This is the 10th post in a summer series on what travel has to teach us about life.
We had just finished the tour of Martin Luther King Jr’s childhood Atlanta home. I was struck by the geographical placement of it, how it straddled different worlds. Located in the haves section of the black community, it had sat just on the edge of the have nots, with a white store owner across the street who would take money from King but not let him play with his son past a certain age.
As we walked through the historic district, a woman instructed her child to clear the sidewalk so that we adults could share the space as we passed. I’d never seen such an act: in Cleveland near where I grew up, one would have been more likely to be run over by a child in their exuberance to get to wherever they were going than shown courtesy by one.
I had already detached from formal religion, so as my friend Susan and I headed towards historic Ebenezer Church where King was pastor from 1960 until his death in 1968, I had no expectations that touring it would hold anything more for me than knowledge about the Civil Rights Movement. We made our way up the staircases and as we did, King’s voice could be heard, faint at first, then progressively stronger as we neared the sanctuary. We entered the main room and I was struck by how humble it was. I’d grown up in the Catholic Church, where even low to middle-class congregations worshipped in buildings with high cathedral ceilings, intricately detailed stained-glass windows, grand architecture, and life-sized statues of Christianity’s first family, Jesus, Mary, and Joseph.
We walked to the right side and slipped into a pew towards the back, as King’s words spurring on a movement were piped in from the pulpit. Susan was on the left of me. For the moment we were all alone.
That’s when it happened. I went from curious student of history to basket case in the course of five seconds flat. I was sobbing before I even had the chance to realize I was going to cry. As soon as my brain caught up with my emotions, I tried to put a lid on it. It wasn’t happening. My self-control was completely gone. I turned to Susan in consternation and stated the obvious:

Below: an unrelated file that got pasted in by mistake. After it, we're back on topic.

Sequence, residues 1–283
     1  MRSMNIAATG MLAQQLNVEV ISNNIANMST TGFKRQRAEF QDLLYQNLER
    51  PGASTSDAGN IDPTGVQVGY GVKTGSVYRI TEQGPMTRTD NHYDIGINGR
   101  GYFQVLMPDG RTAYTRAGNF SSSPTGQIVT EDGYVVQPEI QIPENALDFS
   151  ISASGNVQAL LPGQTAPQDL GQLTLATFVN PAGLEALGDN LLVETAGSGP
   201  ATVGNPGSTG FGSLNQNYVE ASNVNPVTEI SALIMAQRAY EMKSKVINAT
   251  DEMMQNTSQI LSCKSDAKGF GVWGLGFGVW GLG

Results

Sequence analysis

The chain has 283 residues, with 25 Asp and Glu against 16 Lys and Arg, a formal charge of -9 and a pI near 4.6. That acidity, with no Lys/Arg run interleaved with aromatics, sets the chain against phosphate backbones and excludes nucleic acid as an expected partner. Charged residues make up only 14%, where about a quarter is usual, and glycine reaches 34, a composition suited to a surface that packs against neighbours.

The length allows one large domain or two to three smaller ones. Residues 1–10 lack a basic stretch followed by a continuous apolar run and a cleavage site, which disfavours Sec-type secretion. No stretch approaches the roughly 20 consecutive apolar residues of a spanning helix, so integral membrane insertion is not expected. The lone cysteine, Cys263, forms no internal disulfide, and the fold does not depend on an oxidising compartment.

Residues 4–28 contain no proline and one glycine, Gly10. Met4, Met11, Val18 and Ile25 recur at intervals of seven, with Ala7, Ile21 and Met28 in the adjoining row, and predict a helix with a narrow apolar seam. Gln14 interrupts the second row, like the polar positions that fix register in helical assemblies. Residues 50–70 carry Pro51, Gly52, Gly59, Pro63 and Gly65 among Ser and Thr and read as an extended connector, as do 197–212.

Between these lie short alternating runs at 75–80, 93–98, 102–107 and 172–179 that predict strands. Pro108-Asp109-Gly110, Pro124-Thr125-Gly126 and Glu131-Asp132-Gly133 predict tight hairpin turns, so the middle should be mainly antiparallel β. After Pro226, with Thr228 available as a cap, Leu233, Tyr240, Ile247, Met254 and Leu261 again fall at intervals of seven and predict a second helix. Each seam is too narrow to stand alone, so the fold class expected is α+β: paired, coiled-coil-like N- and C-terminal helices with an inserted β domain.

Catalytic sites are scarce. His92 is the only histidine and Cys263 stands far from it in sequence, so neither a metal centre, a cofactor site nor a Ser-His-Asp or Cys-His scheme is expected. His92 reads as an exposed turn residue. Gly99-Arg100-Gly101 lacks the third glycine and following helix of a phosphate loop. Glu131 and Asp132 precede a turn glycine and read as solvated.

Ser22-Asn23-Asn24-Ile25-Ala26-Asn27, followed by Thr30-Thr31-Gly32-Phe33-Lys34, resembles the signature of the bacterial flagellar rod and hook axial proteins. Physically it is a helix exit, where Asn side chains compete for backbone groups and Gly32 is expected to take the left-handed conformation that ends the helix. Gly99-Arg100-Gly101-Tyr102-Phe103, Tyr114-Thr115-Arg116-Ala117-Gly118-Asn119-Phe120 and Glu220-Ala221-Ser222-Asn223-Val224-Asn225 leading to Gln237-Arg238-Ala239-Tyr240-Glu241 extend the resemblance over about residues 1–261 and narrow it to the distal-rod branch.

“I can’t stop crying.”
The picture of cool and calm, she replied, “Yeah, the same thing happened to my Mom when I brought her here.” Then she turned back towards the pulpit as if having a blubbering wreck next to her was par for the course. My body continued to be wracked by sobs.
One other family entered the vestibule. It was a Mom, Dad, and teenage son. I breathed in a huge gasp of air as I observed them, trying desperately now to overcome the emotional overload that the strength of King’s words combined with the humility of the place brought on. The thought that kept running through my head was ‘A movement that changed the world was launched, in part, from this very space, and it looks so ordinary, so plain in here.’
As I watched the family make their way into the area, there seemed to be a tiff going on between the son and his parents. In the mode of teenagers everywhere, I saw him scoff off from them as he apparently lost the battle and reluctantly made his way to the front to kneel before the pulpit. By the time he’d made it up there, his attitude had been replaced by something else.
He was sobbing.
My jaw dropped. As much I hadn’t expected to start crying, I was even more astounded that this young man, who just a few seconds before had been a picture of contempt, would be caught up in the same uncontrollable weeping.
And of course, just like a sneeze, watching him turned my astonishment into fresh convulsions. This time though, I let go and let it happen. Wave after wave hit me, and even Susan could no longer be blase. She asked if I was OK. I nodded yes. And I was, I really was.
It took a long time to be able to express consciously what it was that happened that day at Ebenezer. I knew it before I could say it, but eventually the mystical forces that washed over us formed into a deeper understanding that could, albeit only partially, be defined. Here is what I now know:
We are all told that we have to start a dream from wherever we are at, but the experience of that is much different than the words could ever convey. Being in that church that day was akin to having the experience of how powerful it is to have very little materially, or in terms of worldly status, and launching a dream anyway. It was an unexpected gift to be able to know that kind of True Power, what I call Spiritual Power, without having actually done anything yet myself to have earned It.
Because of that, now whenever I am stuck on some technical aspect of my website that has me baffled and throwing up my hands, or I feel overwhelmed with all that I do not know about the publishing world or what steps to take to start my Purpose Schools or how to phrase a sentence so that it is both real and uplifting, I think back to that moment in that church with that Voice and that young teen just on the verge of adulthood there with me, crying with me, experiencing something together with me that could not be named but which nevertheless contained all the Limitlessness that either of us would ever need to pull us through anything.
And I cry. I cry tears of gratitude because I remember then that I, that we, are unstoppable.